The last 24 hours demonstrate, unless anyone had any doubt, that Republicans are unwilling to consider any reasonable gun measures, even reconsidering the bill they passed last year making it easier for mentally ill Social Security disability-benefits recipients to get guns. Nothing to be done. Now is not the time, House Speaker Paul Ryan intoned, sounding like a parody that frustrated critics of the National Rifle Association would use to mock him.

“If we do something, it should be something that works. And the struggle up to this point has been that most of the proposals that have been offered would not have prevented, not just yesterday’s tragedy, but any of those in recent history,” Sen. Marco Rubio (R-Fla.) claimed without support. CNN reported:

Democratic Sen. Bill Nelson countered Rubio’s assertion that stricter gun laws could not have prevented Wednesday’s shooting. We don’t know that. Where in all of these mass shootings, you enumerated some, that go back to Columbine, where in all of these mass shootings if an assault rifle were not legal and therefore you could not purchase it, would not one of those rifles have been able to be used in the massacre?” Nelson said. “I was raised on a ranch. I’ve had guns all my life. I’ve hunted all my life. I still hunt with my son. You don’t need an AR-15 for hunting.”

The voters will have a choice in November: Reelect Nelson or vote for someone like current Florida Gov. Rick Scott, who remains adamantly opposed to ruffling the NRA’s feathers. We should be very clear that the barrier to discussing any measure relating to guns resides in one party, which now speaks virtually with one voice. They accept the NRA’s money, but even worse, have fallen in line with the far-right propaganda that any gun measure means a surrender to urban elites who want to change their way of life. Their way of life, horrifically, now includes one school shooting after another. Perhaps there are some Republicans, somewhere, who can break the unrestricted gun crowd’s grip; if so, they aren’t in evidence. If you are dissatisfied with anti-gun measure dogma, go vote.

Post opinions writers Molly Roberts, Karen Tumulty, Christine Emba and E.J. Dionne discuss the latest on the immigration debate. (The Washington Post)

Then there is the disgraceful Deferred Action for Childhood Arrivals mess. President Trump’s plan  — really, Stephen Miller and Sen. Tom Cotton’s plan — to sink DACA reform and thereby genuflect once again before the nativist right “worked” like a charm. Trump’s measure, which would have slashed legal immigration and built the wall, got a pathetically low level of support (39 votes). However, with threats of a veto and an alarmist, inaccurate memo from the Department of Homeland Security claiming compromises would be the end of border security (utter poppycock), Trump was able to keep most Republicans in line. Previously pro-reform senators like Rubio and  Sens. Orrin Hatch (R-Utah), Dean Heller (R-Nev.) and Bob Corker (R-Tenn.) (who is trying his best to secure Trump’s support for a decision to reverse his retirement announcement and run for reelection) went along with Trump. All four voted for the Gang of 8 bill in 2013.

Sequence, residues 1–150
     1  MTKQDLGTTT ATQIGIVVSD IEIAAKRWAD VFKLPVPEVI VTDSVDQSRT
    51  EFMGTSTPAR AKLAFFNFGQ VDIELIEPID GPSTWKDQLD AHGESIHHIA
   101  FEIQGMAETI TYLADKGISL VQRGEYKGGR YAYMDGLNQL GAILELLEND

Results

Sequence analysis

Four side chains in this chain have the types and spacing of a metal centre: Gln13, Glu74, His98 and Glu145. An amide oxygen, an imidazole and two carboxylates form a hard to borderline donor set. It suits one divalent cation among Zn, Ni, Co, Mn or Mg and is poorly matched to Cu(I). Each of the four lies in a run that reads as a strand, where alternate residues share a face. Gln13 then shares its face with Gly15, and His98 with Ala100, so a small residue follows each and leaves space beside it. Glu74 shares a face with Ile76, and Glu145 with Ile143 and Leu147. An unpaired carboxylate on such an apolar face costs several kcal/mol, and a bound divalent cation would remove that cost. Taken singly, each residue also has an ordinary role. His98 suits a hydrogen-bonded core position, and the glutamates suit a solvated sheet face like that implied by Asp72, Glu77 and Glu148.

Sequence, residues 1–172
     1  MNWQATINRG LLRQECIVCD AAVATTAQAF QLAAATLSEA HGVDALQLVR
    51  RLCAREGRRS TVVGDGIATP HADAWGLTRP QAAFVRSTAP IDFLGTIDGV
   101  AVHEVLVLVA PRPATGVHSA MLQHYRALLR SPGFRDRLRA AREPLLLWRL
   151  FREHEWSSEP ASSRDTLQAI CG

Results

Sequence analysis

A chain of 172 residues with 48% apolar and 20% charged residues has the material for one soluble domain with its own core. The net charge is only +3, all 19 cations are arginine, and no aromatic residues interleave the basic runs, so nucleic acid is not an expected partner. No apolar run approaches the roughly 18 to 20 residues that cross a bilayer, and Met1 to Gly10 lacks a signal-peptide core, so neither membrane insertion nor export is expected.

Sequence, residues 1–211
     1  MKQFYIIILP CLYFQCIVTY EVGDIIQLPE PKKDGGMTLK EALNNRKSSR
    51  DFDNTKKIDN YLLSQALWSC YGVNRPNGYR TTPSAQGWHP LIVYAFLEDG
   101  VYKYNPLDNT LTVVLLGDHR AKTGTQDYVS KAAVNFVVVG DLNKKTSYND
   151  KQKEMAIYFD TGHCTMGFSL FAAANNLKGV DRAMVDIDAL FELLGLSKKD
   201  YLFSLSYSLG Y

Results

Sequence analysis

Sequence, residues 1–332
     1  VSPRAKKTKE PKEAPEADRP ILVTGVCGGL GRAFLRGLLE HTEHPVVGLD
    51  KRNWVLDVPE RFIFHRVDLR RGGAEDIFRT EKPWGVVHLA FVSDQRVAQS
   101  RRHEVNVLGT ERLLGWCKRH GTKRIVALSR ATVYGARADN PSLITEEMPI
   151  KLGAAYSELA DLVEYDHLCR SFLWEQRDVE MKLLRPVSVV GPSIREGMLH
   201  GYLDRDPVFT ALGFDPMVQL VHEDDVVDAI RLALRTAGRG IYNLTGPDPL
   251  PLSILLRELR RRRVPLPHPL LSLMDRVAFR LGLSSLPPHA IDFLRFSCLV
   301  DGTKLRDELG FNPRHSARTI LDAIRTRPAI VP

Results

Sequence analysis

It is far from clear where things go from here. Republicans, however, have a problem: Do they really want to see mass deportations in an election year? That’s where we are heading unless they rethink their scraping and bowing before the anti-immigrant crowd. And those Republicans on the ballot in areas with a substantial Hispanic population — Heller, for one — may, if Democrats organize themselves, face an outsize turnout of voters perfectly aware who is responsible for throwing “dreamers” out.

At least we have clarity. The GOP in its current incarnation is emphatically opposed to any gun measures and to measures (that could pass) to protect dreamers. Voters can cast their ballots accordingly.